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Santa Cruz Bicycles Stigmata Carbon CC Ultegra Complete Cyclocross Bike - 2018

Santa Cruz Bicycles Stigmata Carbon CC Ultegra Complete Cyclocross Bike - 2018

Item # SNZ00EP

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Item # SNZ00EP


Versatility Defined.

Few remember the first aluminum Stigmata that graced Santa Cruz's lineup for just four seasons starting in 2007. The Bay Area has always been a hotbed for 'cross in the US and, in much of the same spirit of the early days of mountain biking, local builders fabricated frames with more progressive 'cross geometry then what was the norm of the day. Many of the angles and tube lengths seen on those California barrier hopping bikes are reflected in the geometry of CX bikes that we see today. We were quite surprised when Santa Cruz dropped the bike from the line but figured with Santa Cruz moving many of their mountain bike frames to carbon fiber and the influx of disc brakes on CX bikes, it must have a Stigmata redux on their hands. After sitting out five cross seasons, the release of the new Stigmata represented just what we expected in a new drop bar bike from Santa Cruz: carbon fiber construction, disc brakes, and geometry versatile enough to tackle tarmac, mud bogs, and the burgeoning gravel scene.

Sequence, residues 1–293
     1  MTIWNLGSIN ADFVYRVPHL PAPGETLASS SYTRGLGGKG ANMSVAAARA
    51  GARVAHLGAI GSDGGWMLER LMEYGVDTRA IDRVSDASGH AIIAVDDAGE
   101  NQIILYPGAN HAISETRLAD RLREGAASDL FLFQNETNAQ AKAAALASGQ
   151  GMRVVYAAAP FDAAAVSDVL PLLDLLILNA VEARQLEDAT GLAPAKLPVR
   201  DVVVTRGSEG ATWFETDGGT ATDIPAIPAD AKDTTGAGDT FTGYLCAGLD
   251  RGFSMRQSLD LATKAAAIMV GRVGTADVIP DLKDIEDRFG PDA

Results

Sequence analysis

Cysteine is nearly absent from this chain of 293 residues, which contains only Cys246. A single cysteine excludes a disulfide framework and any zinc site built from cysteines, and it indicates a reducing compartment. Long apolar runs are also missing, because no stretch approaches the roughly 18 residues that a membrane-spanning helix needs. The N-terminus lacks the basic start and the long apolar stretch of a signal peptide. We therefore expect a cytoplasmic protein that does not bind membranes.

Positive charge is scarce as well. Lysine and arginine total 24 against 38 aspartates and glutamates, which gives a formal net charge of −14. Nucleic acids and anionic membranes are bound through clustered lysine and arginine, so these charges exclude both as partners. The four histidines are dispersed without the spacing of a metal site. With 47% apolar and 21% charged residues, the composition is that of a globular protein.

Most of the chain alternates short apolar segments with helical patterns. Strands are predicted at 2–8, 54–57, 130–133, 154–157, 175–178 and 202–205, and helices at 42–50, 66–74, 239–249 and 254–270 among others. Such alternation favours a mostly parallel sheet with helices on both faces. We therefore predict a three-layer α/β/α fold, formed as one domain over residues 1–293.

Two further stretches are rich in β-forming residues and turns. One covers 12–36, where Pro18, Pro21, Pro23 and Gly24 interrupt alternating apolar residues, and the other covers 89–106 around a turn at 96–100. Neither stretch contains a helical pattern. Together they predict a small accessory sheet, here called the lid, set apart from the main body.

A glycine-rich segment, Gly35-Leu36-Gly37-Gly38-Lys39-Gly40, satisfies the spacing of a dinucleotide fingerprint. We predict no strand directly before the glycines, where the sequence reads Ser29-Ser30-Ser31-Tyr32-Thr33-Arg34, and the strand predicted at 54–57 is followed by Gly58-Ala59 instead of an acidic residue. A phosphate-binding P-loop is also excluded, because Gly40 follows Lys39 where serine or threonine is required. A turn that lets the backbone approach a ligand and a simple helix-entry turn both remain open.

We often think of the Stigmata as the mountain biker's road bike. It's plenty capable of hanging with the shaved leg set when pedaling perfect circles and racking up base miles, but if the idea of linking up endless forest service roads while looking at a topo map, or pinning a number to a skinsuit in the fall tickles your fancy, all you need is a simple tire swap and the Stigmata is happy to oblige. Even though most of the road bikes kicking around here at Competitive Cyclist have rim brakes, we can see the benefits of disc brakes on the road and we can't fathom riding 'cross or gravel without discs. The fork's 15mm thru-axle and 12 x 142mm rear dropouts keep the axles anchored in the dropouts whether we were blurry eyed in braking bumps or shooting for the holeshot off the line.